Doing some chit-chatting…

April 26, 2009 at 5:25 pm (Reporting)

This week I had the opportunity to chit-chat with Catherine Pancake, the person behind the Transmodern Festival and get a little backstory and ambitions of the festival.

There is a lot of hope and good-will in the Festival’s “mission statement.” Initially it formed as a way to showcase the female avant-garde artists in the mid-Atlantic area.

Pancake was impressed by this year’s festival and many of the exhibits that were installed. Its attendance had grown from around 150 in its first year to around 2000 people this year. She mentioned the Human Foosball table, which was a huge success compared to the budget it was given.

As it continues to grow, she said she’d like to find more intellectual connections with the festival and its exhibits/performers. Overall, she looks forward to watching it unfold as it and trying to understand it herself as it continues to take on new forms and meanings.

I also asked one of the performers, Shana Moulton, some questions.

Moulton was one of the performers at the Transmodern Festival’s opening ceremony. She is a visual performer who examines different aspects of life and communication in a quirky way.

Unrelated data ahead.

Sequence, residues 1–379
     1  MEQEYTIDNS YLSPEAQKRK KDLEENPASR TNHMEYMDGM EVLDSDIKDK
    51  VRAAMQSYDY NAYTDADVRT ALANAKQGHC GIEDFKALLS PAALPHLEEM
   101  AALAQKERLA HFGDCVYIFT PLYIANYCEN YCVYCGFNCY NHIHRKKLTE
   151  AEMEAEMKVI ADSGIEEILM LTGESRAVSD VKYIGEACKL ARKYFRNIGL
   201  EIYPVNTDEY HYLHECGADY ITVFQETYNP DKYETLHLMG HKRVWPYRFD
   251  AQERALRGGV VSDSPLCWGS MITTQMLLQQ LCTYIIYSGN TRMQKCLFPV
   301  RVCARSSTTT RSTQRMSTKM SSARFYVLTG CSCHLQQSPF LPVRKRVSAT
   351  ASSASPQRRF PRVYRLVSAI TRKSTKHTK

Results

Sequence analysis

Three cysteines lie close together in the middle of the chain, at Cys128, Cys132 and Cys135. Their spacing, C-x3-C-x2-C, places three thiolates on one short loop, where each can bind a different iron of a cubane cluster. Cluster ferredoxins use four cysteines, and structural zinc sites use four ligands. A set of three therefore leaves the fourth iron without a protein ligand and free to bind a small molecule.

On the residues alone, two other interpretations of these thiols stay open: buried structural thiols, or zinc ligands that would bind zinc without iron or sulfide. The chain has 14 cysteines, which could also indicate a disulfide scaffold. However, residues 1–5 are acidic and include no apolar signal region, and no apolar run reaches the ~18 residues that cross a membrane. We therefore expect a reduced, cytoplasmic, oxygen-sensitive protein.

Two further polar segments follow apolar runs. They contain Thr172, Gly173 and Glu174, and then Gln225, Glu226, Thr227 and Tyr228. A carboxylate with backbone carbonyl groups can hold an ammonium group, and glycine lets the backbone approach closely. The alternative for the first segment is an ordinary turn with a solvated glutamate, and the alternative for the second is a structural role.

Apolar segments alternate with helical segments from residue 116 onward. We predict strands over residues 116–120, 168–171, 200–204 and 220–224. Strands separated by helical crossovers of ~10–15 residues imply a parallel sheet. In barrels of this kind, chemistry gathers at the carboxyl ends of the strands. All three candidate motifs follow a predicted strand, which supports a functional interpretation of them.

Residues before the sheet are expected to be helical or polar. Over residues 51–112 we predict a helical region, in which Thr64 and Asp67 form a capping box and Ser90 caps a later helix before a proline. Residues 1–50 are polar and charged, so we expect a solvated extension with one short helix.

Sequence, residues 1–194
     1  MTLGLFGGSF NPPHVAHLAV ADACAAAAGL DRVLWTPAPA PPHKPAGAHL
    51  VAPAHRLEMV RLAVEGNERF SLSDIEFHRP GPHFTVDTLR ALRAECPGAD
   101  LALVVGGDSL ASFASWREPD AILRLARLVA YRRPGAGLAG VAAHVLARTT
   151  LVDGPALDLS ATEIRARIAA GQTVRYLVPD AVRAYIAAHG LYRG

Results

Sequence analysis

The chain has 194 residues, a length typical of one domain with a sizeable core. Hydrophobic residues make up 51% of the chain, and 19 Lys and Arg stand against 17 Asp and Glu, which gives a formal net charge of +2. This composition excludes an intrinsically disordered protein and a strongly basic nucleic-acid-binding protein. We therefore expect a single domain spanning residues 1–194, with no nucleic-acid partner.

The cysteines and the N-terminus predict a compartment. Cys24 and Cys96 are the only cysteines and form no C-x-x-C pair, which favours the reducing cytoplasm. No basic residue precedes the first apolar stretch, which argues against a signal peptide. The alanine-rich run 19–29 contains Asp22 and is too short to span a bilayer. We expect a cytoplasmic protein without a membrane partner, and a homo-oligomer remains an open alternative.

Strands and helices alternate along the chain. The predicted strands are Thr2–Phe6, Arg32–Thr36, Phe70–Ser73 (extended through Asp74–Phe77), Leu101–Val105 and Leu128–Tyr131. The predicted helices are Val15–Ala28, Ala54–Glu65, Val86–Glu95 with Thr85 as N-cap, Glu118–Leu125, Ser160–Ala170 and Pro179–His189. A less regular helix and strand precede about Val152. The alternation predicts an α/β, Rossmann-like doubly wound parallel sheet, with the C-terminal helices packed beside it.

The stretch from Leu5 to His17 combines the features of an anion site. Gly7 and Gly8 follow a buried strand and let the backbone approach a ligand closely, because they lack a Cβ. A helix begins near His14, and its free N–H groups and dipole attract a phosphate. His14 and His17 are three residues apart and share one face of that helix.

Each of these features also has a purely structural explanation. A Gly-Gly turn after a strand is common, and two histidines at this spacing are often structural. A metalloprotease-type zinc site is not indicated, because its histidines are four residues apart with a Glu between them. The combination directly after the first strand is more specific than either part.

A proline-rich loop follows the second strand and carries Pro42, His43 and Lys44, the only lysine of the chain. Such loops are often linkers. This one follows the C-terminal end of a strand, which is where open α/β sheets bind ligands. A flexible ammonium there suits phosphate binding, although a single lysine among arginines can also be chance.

Her performance at the Transmodern Festival was about women, and showed her influences of hypochondria and negative body image. Even with its “heavy” content, Moulton’s performances are light and enjoyable – tending to one of the messages she tries to convey through her work: “Don’t take anything too seriously.”


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April 19, 2009 at 8:45 pm (Reporting)

This week I talked to Derek Morrell from Rams Head Live! and Josh Atkins from the Hexagon. Both have their issues with running the venues and their current situation with City Bill 08-0163.

According to Morrell, the bill is just another attempt for the city to earn money. And Atkins also has money problems with the Hexagon. Granted, that’s a pretty obvious problem for everyone right now, a number of potential fees and taxes added on to the ones currently instated is a pretty terrible situation.

I also made my way to the Community Work Session held by the City Council in order to hear the complaints from the stablished performance space, restaurant and tavern owners.

What I found intersting was that the City Council claims to be working for the interest of the arts community, but the chairperson was unaware of Wham City. As I’ve mentioned many times, Wham City one of the main reasons Baltimore was named Best Scene by Rolling Stone. It was pretty clear that he did not know what it was when he asked Adam Endres, who represented the collective on Thursday’s meeting, what the group he was representing was called.

It was enriching to hear the interests of the community compared to the ones I’ve read on the internet. Aside from the licensing fees, moral character and the noise complaint radius, I begun to understand both sides of the argument of the bill. The venue owners were concerned about the safety of the venues and stationing uniformed policemen there, the wording of the bill, the status of the scene and the zoning, among other things. They also shared their appreciations.